The Public Safety, Transportation, and Environment Subcommittee of the Senate Budget and Taxation Committee held the budget hearing for the Maryland Department of Planning (MDP) on January 30. In its budget analysis, the Department of Legislative Services identified three key issues: (1) the implementation of PlanMaryland; (2) challenges in measuring Heritage Area effectiveness; and (3) concerns over the self-sufficiency of the State’s land information map, MdProperty View.
From the DLS budget analysis:
PlanMaryland Sees Greater State Cooperation but Limited Local Buy-in: As of October 2013, MDP reports that the Smart Growth Subcabinet formally endorsed the Planning Areas for two municipalities, and that around a dozen or more local government applications were submitted and are under review by the subcabinet agencies. Requirements of other smart growth legislation and the voluntary nature of the Planning Areas process help to explain the limited number of Planning Areas submitted. The Department of Legislative Services (DLS) recommends that MDP comment on whether and how PlanMaryland and its Planning Areas will be institutionalized before the end of the current Administration; how many State agency implementation plans have been finalized; how many State agency implementation plans have not been finalized and why; what incentives could be used to increase the voluntary submission of Planning Areas; and whether there is any funding in the fiscal 2015 operating and capital budgets supporting the implementation of PlanMaryland.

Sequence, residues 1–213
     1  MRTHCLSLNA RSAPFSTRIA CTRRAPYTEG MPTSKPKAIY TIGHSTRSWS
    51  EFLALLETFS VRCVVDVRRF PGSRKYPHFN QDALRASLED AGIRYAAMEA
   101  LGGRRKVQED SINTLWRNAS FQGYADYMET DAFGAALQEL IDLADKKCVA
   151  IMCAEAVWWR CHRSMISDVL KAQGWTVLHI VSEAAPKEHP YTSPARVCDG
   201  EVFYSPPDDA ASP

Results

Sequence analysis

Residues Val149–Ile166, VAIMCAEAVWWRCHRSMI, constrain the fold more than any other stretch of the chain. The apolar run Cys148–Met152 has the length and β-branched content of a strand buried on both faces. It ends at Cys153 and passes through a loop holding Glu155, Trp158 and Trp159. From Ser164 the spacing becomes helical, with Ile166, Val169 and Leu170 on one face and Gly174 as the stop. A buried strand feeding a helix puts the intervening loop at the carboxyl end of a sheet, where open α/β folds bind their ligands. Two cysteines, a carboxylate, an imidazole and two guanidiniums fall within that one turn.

Heritage Areas Measurement Challenges: A 2012 analysis conducted by the Maryland Heritage Areas Authority found that target investment zones have not generated the level of activity anticipated. In addition, the target investment zones, based on how the statute is written, have constrained eligibility for capital grants. In addition, a strategic plan states that the process of reviewing impacts has been in the works throughout the history of the Heritage Areas Program but has never been resolved. DLS recommends that MDP comment on suitable metrics for determining the effectiveness of individual heritage areas and the overall Heritage Areas Program. DLS also recommends that MDP comment on why attendance is not MDP’s performance measurement focus and what the attendance trends in heritage areas have been. Finally, DLS recommends that MDP comment on whether there is some benefit to targeting more funding to particular capital projects as opposed to spreading the funding among so many management and noncapital grants.
MdProperty View Falls Short of Self-sufficiency: MdProperty View revenues are insufficient to cover costs, and neither State agencies nor the public will be charged fees in the future. DLS recommends that MDP comment on how MdProperty View will be funded, the relationship between MdProperty View and iMAp – the State’s information map, and the costs and benefits of moving from a fee-for-service to free-of-charge program model in terms of the trade off between public access and funding self-sufficiency.
Secretary of Planning Richard Hall responded to the PlanMaryland issue, stating that “PlanMaryland is really a tool or strategy or game plan for [State agencies].” He discussed the annual progress reports that state agencies must submit on their PlanMaryland implementation efforts.
Regarding Heritage Areas, Deputy Secretary Amanda Conn discussed the challenges in separating “heritage” tourism from regular tourism, noting that the two are often intertwined. Hall also discussed MdProperty View, noting that while MDP does charge the private sector for data layer information, it is following the increasingly standard practice of sharing the data with other state agencies and local governments. He was hopeful of getting some general funds to make the data more accessible and useful to the general public.